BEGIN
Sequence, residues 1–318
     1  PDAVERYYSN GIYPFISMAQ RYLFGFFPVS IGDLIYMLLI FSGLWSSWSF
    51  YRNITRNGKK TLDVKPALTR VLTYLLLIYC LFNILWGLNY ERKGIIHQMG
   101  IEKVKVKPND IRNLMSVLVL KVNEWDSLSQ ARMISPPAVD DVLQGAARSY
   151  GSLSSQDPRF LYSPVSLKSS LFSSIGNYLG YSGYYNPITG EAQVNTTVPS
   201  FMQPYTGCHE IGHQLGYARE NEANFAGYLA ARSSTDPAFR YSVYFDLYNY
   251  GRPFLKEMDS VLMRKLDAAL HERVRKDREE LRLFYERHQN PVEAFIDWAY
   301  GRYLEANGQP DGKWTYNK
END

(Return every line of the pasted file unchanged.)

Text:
Sequence, residues 1–318
     1  PDAVERYYSN GIYPFISMAQ RYLFGFFPVS IGDLIYMLLI FSGLWSSWSF
    51  YRNITRNGKK TLDVKPALTR VLTYLLLIYC LFNILWGLNY ERKGIIHQMG
   101  IEKVKVKPND IRNLMSVLVL KVNEWDSLSQ ARMISPPAVD DVLQGAARSY
   151  GSLSSQDPRF LYSPVSLKSS LFSSIGNYLG YSGYYNPITG EAQVNTTVPS
   201  FMQPYTGCHE IGHQLGYARE NEANFAGYLA ARSSTDPAFR YSVYFDLYNY
   251  GRPFLKEMDS VLMRKLDAAL HERVRKDREE LRLFYERHQN PVEAFIDWAY
   301  GRYLEANGQP DGKWTYNK